Participants of all ages wear white or off-white clothing, whether running shorts and shirts or tank tops and tutus. At regular intervals along the course -- generally 5Ks or 1-mile fun runs -- groups of volunteers and occasionally onlookers from the crowd douse entrants with colored cornstarch. The starch, which is non-toxic and non-irritating, adheres to clothing and exposed skin so that runners eventually all look tie-dyed.

Color runs share many parallels with Holi, a Hindu festival, during which celebrants signify the death of winter and rebirth of spring by throwing colored powder at each other. This March will mark the inaugural Festival of Colors Run in Singapore, directly tying a 5K color run with a Holi celebration.

Last fall, after deciding Signal Centers would host a color run in 2013, McConnico says she decided to experience one from the runner's perspective. She entered a Charlotte event in November hosted by Color Run, one of two national organizers for the events alongside Color Me Rad, which will bring its first run to Chattanooga on March 30.

Like most color runs, the Charlotte run was not timed and included music, concessions and prize giveaways. McConnico says it was less stressful and decidedly more fun than traditional sporting events.

"It's like a big party," she says. "There's music and no one takes it very seriously. I thought it was a blast."

Organizers of Chattanooga's color runs say they anticipate race fields ranging from a few hundred in Wash Me Pink on March 9 to as many as 2,000-4,000 in Color Me Chattanooga.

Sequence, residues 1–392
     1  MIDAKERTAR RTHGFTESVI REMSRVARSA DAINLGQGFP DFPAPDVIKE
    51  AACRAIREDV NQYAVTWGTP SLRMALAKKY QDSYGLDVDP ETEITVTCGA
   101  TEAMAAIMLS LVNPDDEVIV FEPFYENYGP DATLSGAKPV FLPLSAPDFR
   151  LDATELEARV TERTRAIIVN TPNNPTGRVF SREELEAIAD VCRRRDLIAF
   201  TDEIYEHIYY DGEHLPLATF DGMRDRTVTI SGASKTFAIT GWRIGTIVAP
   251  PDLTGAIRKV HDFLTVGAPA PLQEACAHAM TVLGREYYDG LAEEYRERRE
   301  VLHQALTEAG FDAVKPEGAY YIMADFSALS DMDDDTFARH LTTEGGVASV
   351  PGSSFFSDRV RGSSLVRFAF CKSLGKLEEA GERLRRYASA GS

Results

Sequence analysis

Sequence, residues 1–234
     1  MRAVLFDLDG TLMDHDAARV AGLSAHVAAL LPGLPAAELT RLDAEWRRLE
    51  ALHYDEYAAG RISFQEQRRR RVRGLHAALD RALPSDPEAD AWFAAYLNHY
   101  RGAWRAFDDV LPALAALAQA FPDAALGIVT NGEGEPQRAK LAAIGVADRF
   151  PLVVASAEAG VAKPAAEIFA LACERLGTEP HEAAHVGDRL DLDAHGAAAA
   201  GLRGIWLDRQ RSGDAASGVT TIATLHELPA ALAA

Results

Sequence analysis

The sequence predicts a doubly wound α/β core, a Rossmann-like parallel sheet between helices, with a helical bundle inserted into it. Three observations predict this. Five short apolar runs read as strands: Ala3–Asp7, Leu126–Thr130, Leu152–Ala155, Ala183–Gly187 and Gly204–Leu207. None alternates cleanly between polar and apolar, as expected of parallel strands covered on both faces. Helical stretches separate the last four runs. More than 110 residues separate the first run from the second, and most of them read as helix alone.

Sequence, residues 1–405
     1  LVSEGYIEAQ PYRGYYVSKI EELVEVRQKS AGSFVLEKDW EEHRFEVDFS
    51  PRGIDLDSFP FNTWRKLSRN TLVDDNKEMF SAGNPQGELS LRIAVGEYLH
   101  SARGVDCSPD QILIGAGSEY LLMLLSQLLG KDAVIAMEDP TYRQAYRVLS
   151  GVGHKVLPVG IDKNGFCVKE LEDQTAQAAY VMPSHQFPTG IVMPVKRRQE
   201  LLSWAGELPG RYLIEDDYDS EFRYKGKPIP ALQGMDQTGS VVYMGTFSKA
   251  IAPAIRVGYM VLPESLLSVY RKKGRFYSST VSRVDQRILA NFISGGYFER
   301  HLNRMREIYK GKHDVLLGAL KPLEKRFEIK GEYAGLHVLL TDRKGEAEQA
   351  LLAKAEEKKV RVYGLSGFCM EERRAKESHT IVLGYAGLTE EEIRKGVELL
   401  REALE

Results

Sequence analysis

Participants in events in other cities say the carefree, non-competitive spirit of color runs is what attracted them.

When he entered the Knoxville Color Me Rad run last October, Chattanooga native and University of Tennessee student Collin Thompson, 19, says he appreciated that it wasn't possible to "win" the event.

"It wasn't a competitive race -- no first or last place -- no one cared," he says.

Participants say they were drawn to color runs' charitable roots. The nationwide touring events, such as Color Me Rad and The Color Run, donate proceeds to an area charity. Many independent local organizations also recently have seized upon color runs as a novel way to engage the community.

All net proceeds from the Color Me Chattanooga run will be funneled into Signal Centers' programming. Other runs in the next few months will similarly benefit their partner organizations, including Susan G. Komen for the Cure (Wash Me Pink Color Run), Make-A-Wish East Tennessee (Color Me Rad Chattanooga) and the National Scoliosis Foundation (Color the Curve).

Zoe's Rainbow Dash, set for July 4, is being organized in memory of Zoe Madeline McDonough and her grandmother, Sue McDonough, who died when their family's double-decker pontoon boat overturned during a storm last July on Chickamauga Lake. Proceeds from the run will benefit a wide range of charities, including one in New Richland, Minn., where Sue McDonough lived.

Scenic City Multisport is managing both Wash Me Pink and Color the Curve. Ken Radley, the athletic event organizer's director, says color runs are great way to engage the public in activism and be healthy without a steep learning curve.

"With a color run, it's not intimidating," Radley says. "But it does get you off the couch, so even if you just walk it, you've still done a 5K. That might encourage you to do another one and try to get a better time, so it's the perfect gateway drug."